Oxford, AstraZeneca resumes coronavirus vaccine trial

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Photo credit FILE - This Saturday, July 18, 2020 file photo shows a general view of AstraZeneca offices and the corporate logo in Cambridge, England. Oxford University says on Saturday, Sept. 12 trials of a coronavirus vaccine that it is developing with pharmaceutical company AstraZeneca will resume, days after being paused due to a reported side-effect in a patient in the U.K. The university said in large trials such as this “it is expected that some participants will become unwell and every case must be carefully evaluated to ensure careful assessment of safety.” (AP Photo/Alastair Grant, file)

LONDON (AP) — Oxford University announced Saturday it was resuming a trial for a coronavirus vaccine it is developing with pharmaceutical company AstraZeneca, a move that comes days after the study was suspended following a reported side-effect in a U.K. patient.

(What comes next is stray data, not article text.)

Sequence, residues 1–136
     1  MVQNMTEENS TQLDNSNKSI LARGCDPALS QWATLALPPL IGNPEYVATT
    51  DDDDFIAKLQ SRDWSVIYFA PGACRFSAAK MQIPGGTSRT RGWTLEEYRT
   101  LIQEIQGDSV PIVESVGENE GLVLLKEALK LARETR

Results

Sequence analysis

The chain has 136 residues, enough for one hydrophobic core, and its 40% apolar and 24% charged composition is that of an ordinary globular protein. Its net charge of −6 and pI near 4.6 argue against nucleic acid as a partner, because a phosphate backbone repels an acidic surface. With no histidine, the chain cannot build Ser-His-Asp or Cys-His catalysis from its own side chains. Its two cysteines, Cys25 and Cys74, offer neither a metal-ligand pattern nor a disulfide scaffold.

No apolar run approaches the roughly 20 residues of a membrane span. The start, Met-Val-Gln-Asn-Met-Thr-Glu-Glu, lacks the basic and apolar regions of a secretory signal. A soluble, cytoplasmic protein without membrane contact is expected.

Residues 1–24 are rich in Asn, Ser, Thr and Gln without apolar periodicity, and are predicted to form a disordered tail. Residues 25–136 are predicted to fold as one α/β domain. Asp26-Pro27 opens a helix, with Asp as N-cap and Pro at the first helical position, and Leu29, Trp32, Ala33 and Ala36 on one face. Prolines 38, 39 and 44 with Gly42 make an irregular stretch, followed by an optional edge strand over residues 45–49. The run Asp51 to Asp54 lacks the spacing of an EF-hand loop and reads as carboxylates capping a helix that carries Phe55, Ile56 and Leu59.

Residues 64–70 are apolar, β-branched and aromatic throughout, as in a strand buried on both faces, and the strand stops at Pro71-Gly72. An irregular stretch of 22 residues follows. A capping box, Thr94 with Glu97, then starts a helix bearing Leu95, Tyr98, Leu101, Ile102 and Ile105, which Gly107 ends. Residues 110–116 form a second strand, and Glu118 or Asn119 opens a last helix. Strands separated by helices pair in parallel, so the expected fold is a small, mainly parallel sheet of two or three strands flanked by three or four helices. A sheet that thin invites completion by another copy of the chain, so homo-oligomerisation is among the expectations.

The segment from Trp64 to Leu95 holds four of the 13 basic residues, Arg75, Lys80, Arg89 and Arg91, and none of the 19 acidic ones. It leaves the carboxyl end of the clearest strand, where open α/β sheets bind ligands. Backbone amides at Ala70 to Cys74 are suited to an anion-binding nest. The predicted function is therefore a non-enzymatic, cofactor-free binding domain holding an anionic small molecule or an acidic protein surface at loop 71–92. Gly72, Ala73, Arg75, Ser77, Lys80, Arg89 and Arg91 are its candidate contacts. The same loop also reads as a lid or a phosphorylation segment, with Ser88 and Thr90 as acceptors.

In a statement, the university confirmed the restart across all of its U.K. clinical trial sites after regulators gave the go-ahead following the pause on Sunday.

“The independent review process has concluded and following the recommendations of both the independent safety review committee and the U.K. regulator, the MHRA, the trials will recommence in the U.K.,” it said.

The vaccine being developed by Oxford and AstraZeneca is widely perceived to be one of the strongest contenders among the dozens of coronavirus vaccines in various stages of testing around the world.

British Health Secretary Matt Hancock welcomed the restart, saying in a tweet that it was “good news for everyone” that the trial is “back up and running.”

The university said in large trials such as this “it is expected that some participants will become unwell and every case must be carefully evaluated to ensure careful assessment of safety.”

It said globally some 18,000 people have received its vaccine so far in Britain, Brazil and South Africa. Around 30,000 volunteers are being recruited in the U.S.

Although Oxford would not disclose information about the patient's illness due to participant confidentiality, an AstraZeneca spokesman said earlier this week that a woman had developed severe neurological symptoms that prompted the pause. Specifically, t